Accelerated Competent Authority Procedure. Revenue Procedure 96-13 introduces a new procedure that allows a taxpayer who engages the competent authority on one issue to request resolution of the same issue for subsequent periods. Before accepting such a request, the competent authority must obtain the consent of the appropriate district director, as well as the chief counsel if the case is pending in court. The request may be made at the time of filing the initial request for competent authority assistance or any time thereafter, but it must be made before the competent authorities have reached an agreement on the issue(s) involved in the original request.

Protective Measures. Both the old and new revenue procedures warn that taxpayers may need to take appropriate protective measures with both the U.S. and applicable foreign tax authorities to ensure that any agreement reached by the competent authorities is not barred by administrative, legal, or procedural barriers. Protective measures include, but are not limited to--

* filing amended returns or protective claims for refund or credit,

* staying the expiration of any period of limitation on the making of a refund or other tax adjustment,

* avoiding the lapse or termination of the taxpayer's right to appeal any tax determination,

* complying with all applicable procedures for invoking competent authority consideration, including applicable treaty provisions dealing with time limits within which to invoke such remedy, or

* contesting an adjustment or seeking an appropriate correlative adjustment with respect to the U.S. or treaty country tax.

The new procedure instructs taxpayers to time their protective measures to allow sufficient time for appropriate procedures to be completed and effective before barriers arise. It also permits taxpayers to consult with the U.S. competent authority on the timing of and need for protective measures in their particular cases.

Taxpayers must be particularly cautious in taking steps to prevent the expiration of a foreign statute of limitations. If a treaty partner declines to enter into competent authority negotiations or a competent authority agreement cannot be implemented because the foreign statute of limitations has expired, the taxpayer's failure to take protective measures may cause the U.S. competent authority to conclude that the taxpayer failed to exhaust "all effective and practical remedies." Any amount paid to foreign tax authorities that would not have been due if the treaty country had made a correlative adjustment may not constitute a creditable foreign tax. Acts or omissions by the taxpayer precluding effective competent authority assistance, including failure to take protective measures or seek competent authority assistance, may constitute failure to exhaust all effective and practical remedies. However, the fact the taxpayer has sought competent authority assistance but obtained no relief will not demonstrate that the taxpayer has exhausted all effective and practical remedies to reduce the liability for foreign tax. Any determination within the IRS of whether a taxpayer has exhausted the competent authority remedy must be made in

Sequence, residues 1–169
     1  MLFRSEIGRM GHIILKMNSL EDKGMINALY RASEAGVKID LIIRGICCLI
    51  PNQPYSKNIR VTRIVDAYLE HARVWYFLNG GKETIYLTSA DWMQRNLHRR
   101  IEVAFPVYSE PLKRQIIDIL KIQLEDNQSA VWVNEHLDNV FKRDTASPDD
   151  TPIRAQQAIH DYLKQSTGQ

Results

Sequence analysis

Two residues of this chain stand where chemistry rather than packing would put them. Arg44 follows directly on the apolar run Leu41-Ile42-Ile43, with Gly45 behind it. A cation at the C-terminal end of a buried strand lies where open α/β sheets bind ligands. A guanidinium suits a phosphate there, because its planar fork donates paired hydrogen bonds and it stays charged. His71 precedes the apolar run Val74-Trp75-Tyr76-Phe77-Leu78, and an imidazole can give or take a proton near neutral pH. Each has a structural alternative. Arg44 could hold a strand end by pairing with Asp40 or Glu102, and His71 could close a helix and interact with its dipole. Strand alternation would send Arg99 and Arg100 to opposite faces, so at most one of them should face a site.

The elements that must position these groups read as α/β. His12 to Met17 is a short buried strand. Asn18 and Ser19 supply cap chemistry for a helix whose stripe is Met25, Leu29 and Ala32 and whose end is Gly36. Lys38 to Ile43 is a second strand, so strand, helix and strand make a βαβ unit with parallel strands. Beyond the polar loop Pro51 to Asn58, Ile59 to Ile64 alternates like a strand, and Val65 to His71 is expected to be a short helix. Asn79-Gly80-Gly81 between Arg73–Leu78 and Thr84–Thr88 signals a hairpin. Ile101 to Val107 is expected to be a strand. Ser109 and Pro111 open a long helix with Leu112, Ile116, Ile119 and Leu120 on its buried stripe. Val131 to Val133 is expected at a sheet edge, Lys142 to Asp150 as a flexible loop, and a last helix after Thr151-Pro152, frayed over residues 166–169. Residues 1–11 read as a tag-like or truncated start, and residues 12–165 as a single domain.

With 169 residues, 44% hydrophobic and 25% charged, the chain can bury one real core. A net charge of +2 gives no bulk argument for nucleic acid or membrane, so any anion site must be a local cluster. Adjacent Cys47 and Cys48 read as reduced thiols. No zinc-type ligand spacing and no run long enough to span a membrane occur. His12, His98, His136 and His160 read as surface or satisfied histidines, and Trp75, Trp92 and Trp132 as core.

consultation with the U.S. competent

Waivers No Substitute. Some U.S. treaties contain provisions intended to waive or remove procedural barriers to the credit or refund of tax even though (1) the otherwise applicable statute of limitations has expired, (2) prior closing agreements have been entered into, or (3) other actions have been taken or omitted that ordinarily would foreclose relief in the form of a credit or refund of tax. Revenue Procedure 96-13 warns taxpayers not to rely on these provisions because of differences among treaty partners in interpreting these waiver provisions.

Revenue Procedure 96-14

Revenue Procedure 96-14 sets forth procedures for requesting competent authority assistance when a tax case is pending in a U.S. court or has been designated for litigation. The new procedure provides that relief under Revenue Procedure 65-17 can be requested from the appropriate district director, rather than the U.S. competent authority, if competent authority is not otherwise being requested. Revenue Procedure 65-17 sets forth procedures to obtain an adjustment when a taxpayer's taxable income is increased because of an allocation of income between related U.S. and foreign corporations under IRC section 482. In cases where relief is requested from the district director, the district director must coordinate with the competent authority before concluding the closing agreement. *

References used in this article are available upon request and in the download section of The CPA Journal's home page (www.cpajournal.com).

Ray A. Knight, JD, CPA, is a senior manager with KPMG Peat Marwick in Atlanta, Georgia. Lee G. Knight, PhD, is the E.H. Sherman Professor of Accounting at Troy State University, Troy, Alabama.

The CPA Journal is broadly recognized as an outstanding, technical-refereed publication aimed at public practitioners, management, educators, and other accounting professionals. It is edited by CPAs for CPAs. Our goal is to provide CPAs and other accounting professionals with the information and news to enable them to be successful accountants, managers, and executives in today's practice environments.

©2009 The New York State Society of CPAs. Legal Notices

Visit the new cpajournal.com.